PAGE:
Why We Love Fort Belvoir Community Hospital Labor & Delivery
Although there are many options for Tricare beneficiaries, many times families choose to have Tricare Prime and be seen at the local MTF for pregnancy care and delivery. While we understand that every provider or hospital is not the right fit for every family, we want to tell you why we love Fort Belvoir Community Hospital (FBCH) so much!
Fort Belvoir is not only our most frequent location for birth support, but it also happens to be our favorite! Military hospitals are often associated with the negative feelings that are seen in the media with the VA hospitals – though MTFs and VA hospitals are not related in anyway. Let me give you a few reasons to love FBCH! (Remember that these opinions reflect our own personal experiences and there is no data specifically reported on these opinions).
- Providers are on duty. The doctors and midwives that are working on the labor and delivery deck have DUTY for a period of time. This is mostly good for the patient. For the bad part, it may mean you may see one, two or more doctors during your labor. This isn’t uncommon with civilian hospitals either, but if I had to give a negative, there it is. Since the providers on the L&D floor have duty, that means that when their shift is over, another doctor/midwife will take over duty. For the patient, that means that there is no proverbial clock that a provider is watching to ensure that you deliver by some magical time. In our personal experience, Fort Belvoir is very mother friendly and want you to have the labor experience you desire so they will let you labor for as long as necessary so long as you and your baby are healthy and responding well to the labor.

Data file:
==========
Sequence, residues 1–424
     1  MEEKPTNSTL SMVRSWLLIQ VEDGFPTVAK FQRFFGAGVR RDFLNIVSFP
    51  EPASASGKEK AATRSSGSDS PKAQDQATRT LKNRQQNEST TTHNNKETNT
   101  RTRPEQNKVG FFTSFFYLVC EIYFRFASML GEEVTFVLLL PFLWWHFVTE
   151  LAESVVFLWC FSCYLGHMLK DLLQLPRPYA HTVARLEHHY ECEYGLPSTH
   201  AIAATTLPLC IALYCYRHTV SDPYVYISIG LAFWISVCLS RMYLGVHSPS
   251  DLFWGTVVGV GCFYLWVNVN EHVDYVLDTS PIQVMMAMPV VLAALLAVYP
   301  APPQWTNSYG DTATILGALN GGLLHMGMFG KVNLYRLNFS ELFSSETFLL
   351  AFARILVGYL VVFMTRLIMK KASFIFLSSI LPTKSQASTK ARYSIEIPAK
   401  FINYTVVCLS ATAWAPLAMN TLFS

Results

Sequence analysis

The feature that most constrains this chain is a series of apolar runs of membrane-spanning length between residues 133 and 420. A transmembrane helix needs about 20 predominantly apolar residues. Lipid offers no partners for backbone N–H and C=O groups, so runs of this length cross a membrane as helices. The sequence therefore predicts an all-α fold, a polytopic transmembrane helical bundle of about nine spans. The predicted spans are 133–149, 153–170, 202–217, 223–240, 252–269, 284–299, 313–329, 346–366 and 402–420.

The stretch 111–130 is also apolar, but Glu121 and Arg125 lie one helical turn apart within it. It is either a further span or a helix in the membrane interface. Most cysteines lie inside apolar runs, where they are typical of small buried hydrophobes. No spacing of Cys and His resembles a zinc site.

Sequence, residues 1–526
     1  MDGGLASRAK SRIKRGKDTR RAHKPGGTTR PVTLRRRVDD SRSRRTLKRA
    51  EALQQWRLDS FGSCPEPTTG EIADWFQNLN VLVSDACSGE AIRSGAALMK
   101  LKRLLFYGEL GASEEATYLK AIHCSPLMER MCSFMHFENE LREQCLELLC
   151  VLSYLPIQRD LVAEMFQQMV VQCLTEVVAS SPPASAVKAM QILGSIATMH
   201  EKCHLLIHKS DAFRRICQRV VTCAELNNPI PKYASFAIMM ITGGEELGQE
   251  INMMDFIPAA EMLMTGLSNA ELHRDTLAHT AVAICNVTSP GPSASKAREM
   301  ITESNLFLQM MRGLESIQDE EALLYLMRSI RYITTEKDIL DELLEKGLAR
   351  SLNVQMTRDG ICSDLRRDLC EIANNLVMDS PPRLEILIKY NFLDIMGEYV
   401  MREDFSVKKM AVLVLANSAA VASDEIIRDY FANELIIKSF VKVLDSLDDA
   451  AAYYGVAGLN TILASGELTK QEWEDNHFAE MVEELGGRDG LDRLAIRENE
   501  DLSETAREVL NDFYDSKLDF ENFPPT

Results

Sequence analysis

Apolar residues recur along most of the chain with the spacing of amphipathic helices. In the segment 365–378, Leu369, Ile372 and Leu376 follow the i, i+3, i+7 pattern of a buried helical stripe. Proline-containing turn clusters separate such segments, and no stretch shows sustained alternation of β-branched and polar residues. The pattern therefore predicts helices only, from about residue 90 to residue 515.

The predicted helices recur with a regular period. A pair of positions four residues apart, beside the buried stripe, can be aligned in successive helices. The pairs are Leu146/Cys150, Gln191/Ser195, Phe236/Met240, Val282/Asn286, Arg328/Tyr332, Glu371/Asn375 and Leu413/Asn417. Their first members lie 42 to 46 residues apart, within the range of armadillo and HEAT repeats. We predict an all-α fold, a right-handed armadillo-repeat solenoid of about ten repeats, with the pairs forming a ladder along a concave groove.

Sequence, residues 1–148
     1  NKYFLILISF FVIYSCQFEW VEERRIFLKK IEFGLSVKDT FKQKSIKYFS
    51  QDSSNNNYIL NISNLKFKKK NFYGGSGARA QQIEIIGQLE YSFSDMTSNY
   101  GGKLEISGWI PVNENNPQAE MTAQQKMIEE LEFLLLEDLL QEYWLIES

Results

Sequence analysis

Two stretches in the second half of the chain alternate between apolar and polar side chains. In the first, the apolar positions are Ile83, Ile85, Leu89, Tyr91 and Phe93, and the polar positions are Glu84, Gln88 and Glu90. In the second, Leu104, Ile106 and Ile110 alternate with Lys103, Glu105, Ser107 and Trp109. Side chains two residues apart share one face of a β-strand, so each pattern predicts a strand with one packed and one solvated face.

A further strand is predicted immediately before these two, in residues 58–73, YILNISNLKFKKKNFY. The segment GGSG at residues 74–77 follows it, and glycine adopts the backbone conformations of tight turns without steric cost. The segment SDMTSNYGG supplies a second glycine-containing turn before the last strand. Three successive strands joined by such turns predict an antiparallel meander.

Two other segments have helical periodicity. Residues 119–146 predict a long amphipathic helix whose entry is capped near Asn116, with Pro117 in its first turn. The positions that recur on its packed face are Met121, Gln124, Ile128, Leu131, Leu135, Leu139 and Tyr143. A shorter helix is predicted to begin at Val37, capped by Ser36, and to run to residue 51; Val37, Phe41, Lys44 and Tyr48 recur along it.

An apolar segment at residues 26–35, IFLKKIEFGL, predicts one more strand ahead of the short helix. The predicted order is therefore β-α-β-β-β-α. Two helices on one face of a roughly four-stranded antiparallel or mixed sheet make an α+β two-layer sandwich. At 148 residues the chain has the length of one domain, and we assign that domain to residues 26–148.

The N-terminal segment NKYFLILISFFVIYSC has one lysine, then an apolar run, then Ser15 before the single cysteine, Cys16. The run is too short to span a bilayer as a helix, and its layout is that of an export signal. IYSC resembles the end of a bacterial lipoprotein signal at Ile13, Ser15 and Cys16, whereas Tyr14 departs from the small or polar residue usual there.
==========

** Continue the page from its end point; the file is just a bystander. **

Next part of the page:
- The rooms are large and lavish. These rooms have all of the bells and whistles that you might want during your stay—this applies to both the labor and delivery and the mother/baby unit. They have all of the tools to help you have the labor that you would like. Some great perks to the rooms include: lights you can dim for your preference, large walk in showers you and your partners can use during labor, peanut and birth balls, squat bars, full size foldout couch for your partner to sleep on (both in labor and mother/baby unit).
- The staff is amazing and are there for YOU! We cannot speak any more highly of this staff. They love having doulas on your birth team (in fact, when we walk in, they are excited and we often get hugs from the nurses on duty that day!), they are friendly and kind and most of all, they really desire to have you have the birth that you are planning. The staff listens to your wants and desires and they help you achieve your goals. There are Lactation Consultants on staff that will also visit you in Mother/Baby if you plan to breastfeed.
- MTFs are not for profit hospitals. This one seems like a no brainer right? Of course the hospital is not for profit, it is a DoD benefit to be able to be seen at these hospitals which means insurance is not billed for your care. But how is your birth going to benefit from that? To put it simply, since it is not for profit, there are often less unwanted interventions in a DoD hospital. Though it is hard to find true birthing stats on MTFs, you can ask any nurse or charge nurse on a L&D floor at an MTF and you will find out that the cesarean births are nearly half of what the civilian counterparts are. That does not mean you will not be in fantastic care if you require a cesarean, it just means that the rates are less for those who have less risk factors to need one!
Overall, we have been overwhelmingly happy with Fort Belvoir Community Hospital and the quality of care you receive from the providers during prenatal appointments, throughout the labor and immediate postpartum care. Feel free to message us on Facebook if you have any specific questions regarding Fort Belvoir Community Hospital or their provider options.
For provider and location options for patients delivering at Fort Belvoir Community Hospital check out this blog.
For other hospitals in the area that we attend births at, view this blog.
Author: Melanie Binversie